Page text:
Articles published by the Radio Society of Great Britain in the February and March 2009 issues of Radcom
One word - Wow!!!
I built your equaliser design on veroboard from junk box parts, hooked it up to the PC sound card and used Audacity to compare the sound from my MFJ-393 headset/boom mic with and without the equaliser. There is just no comparison!
Incredible difference. I'm working hard on WAS SSB this coming summer, have it nailed on Digi and CW, just need about 12 states on SSB to finish the triple play award. Good punchy audio will certainly help!
I also bought the chips for your compressor circuit as I think the audio/processor stages in the 440 are getting a bit "soft".
73 and thanks for the simple, effective circuit.
? Dear Martin
A friend of mine gave me the copy of your article ( Radcom, March 2009 ) " Improving the intelligibility of SSB transmissions ". Mainly on HF I have a lot of problems with my voice ( a lot of bass and few high ) but making and using your circuit my modulation had a dramatic improvement in quality.
Now I?m using YOUR microphone on my station rig Yaesu 450, more on the small Yaesu 817 for portable and QRP and on Kenwood TS50 I've installed in my car for mobile operations : no more critics now, every time only compliments for my modulations !
So my complements to you, and I hope you will enjoy pictures of my realisation, an old microphone case with enough space inside. In both cases the voltage is supplied by RTX mic connectors : 5 V with last Yaesu models and 8 V from Kenwood. I'm very satisfied, thanks to you.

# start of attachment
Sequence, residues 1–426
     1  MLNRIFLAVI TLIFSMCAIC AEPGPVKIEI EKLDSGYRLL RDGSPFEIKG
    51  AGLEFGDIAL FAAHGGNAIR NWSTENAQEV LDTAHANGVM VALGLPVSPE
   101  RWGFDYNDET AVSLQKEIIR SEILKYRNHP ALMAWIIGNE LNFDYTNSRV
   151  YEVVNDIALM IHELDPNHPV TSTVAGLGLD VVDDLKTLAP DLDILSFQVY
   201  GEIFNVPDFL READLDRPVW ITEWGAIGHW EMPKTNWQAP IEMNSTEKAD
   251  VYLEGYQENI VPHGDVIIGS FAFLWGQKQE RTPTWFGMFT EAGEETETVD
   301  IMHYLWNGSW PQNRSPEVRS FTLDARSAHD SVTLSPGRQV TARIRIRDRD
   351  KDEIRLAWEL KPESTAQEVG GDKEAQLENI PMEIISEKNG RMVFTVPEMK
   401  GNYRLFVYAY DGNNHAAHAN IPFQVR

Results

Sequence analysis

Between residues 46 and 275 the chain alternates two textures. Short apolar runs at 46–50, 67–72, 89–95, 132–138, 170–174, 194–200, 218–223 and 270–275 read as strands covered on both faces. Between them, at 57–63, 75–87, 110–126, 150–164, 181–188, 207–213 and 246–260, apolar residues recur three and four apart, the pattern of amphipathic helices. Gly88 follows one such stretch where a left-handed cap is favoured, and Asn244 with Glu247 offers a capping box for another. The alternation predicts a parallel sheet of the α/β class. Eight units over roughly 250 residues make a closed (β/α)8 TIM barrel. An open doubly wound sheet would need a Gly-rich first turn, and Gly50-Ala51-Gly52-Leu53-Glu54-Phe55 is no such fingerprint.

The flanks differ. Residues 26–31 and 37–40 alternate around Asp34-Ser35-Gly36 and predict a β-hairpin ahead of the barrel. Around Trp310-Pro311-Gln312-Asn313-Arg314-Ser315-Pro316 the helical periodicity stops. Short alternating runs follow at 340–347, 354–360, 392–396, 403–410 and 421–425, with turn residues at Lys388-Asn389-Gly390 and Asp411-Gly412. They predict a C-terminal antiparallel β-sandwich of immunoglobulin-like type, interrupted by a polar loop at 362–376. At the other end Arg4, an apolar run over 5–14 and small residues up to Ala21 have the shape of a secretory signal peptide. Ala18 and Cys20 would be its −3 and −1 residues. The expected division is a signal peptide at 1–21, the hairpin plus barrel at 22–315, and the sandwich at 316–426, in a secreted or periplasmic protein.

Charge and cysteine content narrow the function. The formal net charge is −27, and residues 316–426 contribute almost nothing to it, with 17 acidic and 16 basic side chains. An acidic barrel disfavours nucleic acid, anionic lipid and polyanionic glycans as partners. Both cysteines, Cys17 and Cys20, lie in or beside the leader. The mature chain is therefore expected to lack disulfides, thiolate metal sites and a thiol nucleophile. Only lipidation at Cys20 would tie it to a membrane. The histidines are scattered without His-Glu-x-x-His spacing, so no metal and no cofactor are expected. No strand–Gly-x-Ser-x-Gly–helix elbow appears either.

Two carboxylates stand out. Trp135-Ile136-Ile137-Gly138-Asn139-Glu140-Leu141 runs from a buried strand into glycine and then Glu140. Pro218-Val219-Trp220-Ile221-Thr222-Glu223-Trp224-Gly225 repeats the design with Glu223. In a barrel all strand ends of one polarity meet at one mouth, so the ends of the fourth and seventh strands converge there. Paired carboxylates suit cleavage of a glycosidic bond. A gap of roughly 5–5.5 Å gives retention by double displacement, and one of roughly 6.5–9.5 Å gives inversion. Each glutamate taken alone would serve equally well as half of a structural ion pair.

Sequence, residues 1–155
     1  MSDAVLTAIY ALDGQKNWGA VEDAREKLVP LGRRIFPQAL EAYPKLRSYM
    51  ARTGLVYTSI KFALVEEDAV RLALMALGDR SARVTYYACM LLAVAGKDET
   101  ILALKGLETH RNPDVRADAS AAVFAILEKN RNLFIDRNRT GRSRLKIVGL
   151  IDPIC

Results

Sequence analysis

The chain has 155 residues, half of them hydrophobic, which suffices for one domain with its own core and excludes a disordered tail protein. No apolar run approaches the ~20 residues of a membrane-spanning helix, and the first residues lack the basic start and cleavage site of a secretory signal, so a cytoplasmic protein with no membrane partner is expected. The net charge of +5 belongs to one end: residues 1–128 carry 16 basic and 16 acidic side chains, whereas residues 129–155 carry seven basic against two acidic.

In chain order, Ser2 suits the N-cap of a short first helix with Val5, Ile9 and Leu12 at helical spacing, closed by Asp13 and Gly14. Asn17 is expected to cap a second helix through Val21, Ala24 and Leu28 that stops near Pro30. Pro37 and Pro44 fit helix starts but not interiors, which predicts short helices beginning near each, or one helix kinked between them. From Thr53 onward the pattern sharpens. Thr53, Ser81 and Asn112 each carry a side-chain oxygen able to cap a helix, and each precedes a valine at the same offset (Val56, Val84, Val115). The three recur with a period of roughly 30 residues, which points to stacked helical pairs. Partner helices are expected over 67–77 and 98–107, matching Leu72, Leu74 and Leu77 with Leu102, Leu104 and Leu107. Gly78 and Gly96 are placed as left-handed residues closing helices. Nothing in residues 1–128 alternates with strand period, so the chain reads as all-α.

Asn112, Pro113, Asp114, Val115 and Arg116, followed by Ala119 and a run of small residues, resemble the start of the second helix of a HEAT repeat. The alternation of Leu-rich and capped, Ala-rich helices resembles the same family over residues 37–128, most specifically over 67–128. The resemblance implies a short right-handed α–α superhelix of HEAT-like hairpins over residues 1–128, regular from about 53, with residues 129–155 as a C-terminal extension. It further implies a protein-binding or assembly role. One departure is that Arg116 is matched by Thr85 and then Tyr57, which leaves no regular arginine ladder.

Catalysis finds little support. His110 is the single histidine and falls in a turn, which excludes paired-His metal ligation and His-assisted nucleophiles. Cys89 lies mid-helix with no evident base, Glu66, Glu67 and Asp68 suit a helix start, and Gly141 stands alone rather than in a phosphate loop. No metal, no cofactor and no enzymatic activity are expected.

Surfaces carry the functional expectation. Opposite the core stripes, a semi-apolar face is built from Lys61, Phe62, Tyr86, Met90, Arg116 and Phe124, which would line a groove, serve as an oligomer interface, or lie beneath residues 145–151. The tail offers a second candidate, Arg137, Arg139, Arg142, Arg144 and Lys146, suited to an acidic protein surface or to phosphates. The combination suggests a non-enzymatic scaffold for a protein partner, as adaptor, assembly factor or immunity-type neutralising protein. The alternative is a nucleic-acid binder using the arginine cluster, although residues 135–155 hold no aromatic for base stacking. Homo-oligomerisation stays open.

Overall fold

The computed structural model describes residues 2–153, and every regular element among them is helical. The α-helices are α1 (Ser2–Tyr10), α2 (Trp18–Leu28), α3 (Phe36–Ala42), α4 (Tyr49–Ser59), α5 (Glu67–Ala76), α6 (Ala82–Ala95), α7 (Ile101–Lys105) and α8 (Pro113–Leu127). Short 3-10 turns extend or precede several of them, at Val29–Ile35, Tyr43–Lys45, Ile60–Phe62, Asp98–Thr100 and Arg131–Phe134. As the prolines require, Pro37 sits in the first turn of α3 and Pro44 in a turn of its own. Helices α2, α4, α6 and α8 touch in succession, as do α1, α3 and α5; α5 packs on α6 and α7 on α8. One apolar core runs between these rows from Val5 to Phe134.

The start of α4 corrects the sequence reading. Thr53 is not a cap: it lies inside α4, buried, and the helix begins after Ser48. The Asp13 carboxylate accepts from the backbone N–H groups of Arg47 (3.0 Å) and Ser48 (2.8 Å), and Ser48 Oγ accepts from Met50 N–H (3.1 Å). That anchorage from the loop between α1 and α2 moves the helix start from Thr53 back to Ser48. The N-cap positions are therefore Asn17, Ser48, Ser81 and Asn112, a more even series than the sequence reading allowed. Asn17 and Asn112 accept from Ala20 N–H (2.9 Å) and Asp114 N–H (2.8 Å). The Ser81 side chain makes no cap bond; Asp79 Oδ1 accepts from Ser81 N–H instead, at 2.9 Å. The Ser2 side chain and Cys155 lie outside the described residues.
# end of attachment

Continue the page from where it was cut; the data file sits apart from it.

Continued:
CIAO ! Marco IK5BHN?
Marco experienced a few problems with RF feedback when he used it for portable operation, so he built another version inside a small TEKO 2A screened metal box.
He also noticed that although the circuit worked well with Yaesu radios, he had a problem with a Kenwood TS50 and some other Kenwood models where there was occasionally some low frequency motor-boating occurring. After a lot of tests, he cured the problem by removing C8 and replacing R6 with a trimmer, either the same value or a max of 4,7 Kohm, with the microphone output taken from the slider of the trimmer. My thanks to Marco for this information.
PDF copies of the Racom article can be found here:-
Part 1 details of basic principles
Part 2 construction of a simple equaliser circuit
Article reprinted in:-
Danish Amateur Radio Society magazine OZ August 2009 (warning 5.3Meg file)
Italian translation by Nico Michelini, IV3ALA
Sound samples of equaliser circuit with different preset pot resistance values
Useful free software:-
Voice Shaper allows you to simulate different equaliser and compressor settings using a PC and sound card
Audacity PC based sound recording and editing software
Frequency Response Plotter Designed for testing loudspeakers, but great for looking at microphone equalisation